That’s not to say this online commentary isn’t important. Although this moment in the eye of the storm was short-lived for Bernie, the collective fondness of feeling that the production and proliferation of this meme created will undoubtedly have had an enduring impact on his public image.

We cannot underestimate the power of meme culture to impact, and even generate, public mood. Ed Miliband’s notorious sandwich was weaponised to make him look incompetent, and it worked. But meanwhile Boris Johnson has done the very opposite, capitalising on his image as bumbling baffoon to kid the public that he is harmless. Political figures must be savvy if they are to stay on the right side of the internet. But it is worth the effort: fortunes can change quickly, but good (and bad) humour can linger.

Paris>London?!

One Borkowski trends writer has only just started watching Call My Agent (perhaps late to the game) and is struck by the success of recent Netflix series set in Paris. Not just in Paris, but in a kind of chi-chi, slightly abusive, yet undeniably glamorous world of Paris’s boutique agencies. On the surface, they are dissimilar. Many have called out the clichés and cartoonish fashions of Emily in Paris, while Dix pour cent’s realism—both in terms of its Frenchness and in its depiction of the day-to-day tribulations of those paid to wrangle celebrities—has been critically heralded for its authenticity. Taking a step back, we wonder whether this move to Paris (didn’t it used to be all about the City?) reflects a larger shift between Europe’s capitals.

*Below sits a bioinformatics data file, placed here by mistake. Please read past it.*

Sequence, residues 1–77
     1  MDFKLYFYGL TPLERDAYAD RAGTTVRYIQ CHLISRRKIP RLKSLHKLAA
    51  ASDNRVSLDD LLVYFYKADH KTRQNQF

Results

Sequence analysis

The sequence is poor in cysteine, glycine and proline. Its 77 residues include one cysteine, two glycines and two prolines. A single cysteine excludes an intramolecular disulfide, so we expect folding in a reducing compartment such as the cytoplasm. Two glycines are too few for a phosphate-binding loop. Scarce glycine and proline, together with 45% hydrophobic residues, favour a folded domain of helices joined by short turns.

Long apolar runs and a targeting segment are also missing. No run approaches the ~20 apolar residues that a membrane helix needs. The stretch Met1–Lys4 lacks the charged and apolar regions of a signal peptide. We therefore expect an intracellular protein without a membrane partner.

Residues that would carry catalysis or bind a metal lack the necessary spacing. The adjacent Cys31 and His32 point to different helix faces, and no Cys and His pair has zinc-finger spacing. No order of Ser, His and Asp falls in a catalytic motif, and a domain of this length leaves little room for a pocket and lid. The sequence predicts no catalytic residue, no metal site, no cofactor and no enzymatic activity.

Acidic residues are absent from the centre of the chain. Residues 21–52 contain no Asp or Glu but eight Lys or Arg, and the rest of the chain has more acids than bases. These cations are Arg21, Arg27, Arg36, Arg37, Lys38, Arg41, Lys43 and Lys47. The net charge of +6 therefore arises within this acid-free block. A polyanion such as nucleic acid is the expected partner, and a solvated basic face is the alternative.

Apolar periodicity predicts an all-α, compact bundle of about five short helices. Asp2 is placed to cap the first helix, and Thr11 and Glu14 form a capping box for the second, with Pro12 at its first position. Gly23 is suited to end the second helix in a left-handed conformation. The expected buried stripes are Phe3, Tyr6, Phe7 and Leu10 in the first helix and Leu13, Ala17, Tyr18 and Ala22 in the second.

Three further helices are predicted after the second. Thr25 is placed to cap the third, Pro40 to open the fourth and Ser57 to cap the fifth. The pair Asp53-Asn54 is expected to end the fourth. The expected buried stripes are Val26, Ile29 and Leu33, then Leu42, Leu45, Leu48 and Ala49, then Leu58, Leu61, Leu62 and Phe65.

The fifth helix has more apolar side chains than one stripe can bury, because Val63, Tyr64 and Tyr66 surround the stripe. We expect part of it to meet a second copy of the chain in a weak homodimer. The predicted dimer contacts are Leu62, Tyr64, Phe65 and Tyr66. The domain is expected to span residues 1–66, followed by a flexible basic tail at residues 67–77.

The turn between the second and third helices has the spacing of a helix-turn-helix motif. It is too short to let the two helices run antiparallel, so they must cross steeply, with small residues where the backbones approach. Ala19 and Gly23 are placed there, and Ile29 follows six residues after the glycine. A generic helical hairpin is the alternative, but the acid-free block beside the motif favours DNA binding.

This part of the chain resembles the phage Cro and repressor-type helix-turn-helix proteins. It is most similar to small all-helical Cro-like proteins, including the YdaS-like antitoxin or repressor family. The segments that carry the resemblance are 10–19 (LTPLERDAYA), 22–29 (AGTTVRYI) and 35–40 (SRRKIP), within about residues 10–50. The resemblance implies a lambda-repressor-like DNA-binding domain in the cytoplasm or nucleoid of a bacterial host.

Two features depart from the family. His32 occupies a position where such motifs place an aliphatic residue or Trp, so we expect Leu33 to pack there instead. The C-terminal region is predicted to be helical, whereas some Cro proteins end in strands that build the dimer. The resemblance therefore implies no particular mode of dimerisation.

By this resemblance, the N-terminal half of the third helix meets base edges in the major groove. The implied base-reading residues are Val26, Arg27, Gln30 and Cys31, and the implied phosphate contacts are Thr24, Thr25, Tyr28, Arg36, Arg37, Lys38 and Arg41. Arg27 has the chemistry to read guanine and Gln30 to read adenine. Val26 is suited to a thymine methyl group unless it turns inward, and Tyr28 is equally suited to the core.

While London, it seems, has been relegated to the category of historical drama (evidently Bridgerton’s regency-era fancy Mayfair holds more interest for the modern viewer than the present-day city), Paris has been picking up the slack. For those who have been watching the ground shift under London’s international pre-eminence (both cultural and corporate) in the wake of Brexit, this cannot be an innocent trend. In 2016, Macron said he would ‘roll out the red carpet’ for London’s bankers if the U.K. voted for Brexit. And a few, including Goldman Sachs, have taken him up on it. Could all this interest in Paris’s chic boutiques and long lunches be reflecting—or driving—a greater interest in the French capital? Is Netflix putting its money on a mass exodus of the yuppie class to the city of love? It is possible those of us savouring Call My Agent are craving for a continental identity—it’s also possible that, during lockdown, we all just want to be somewhere else.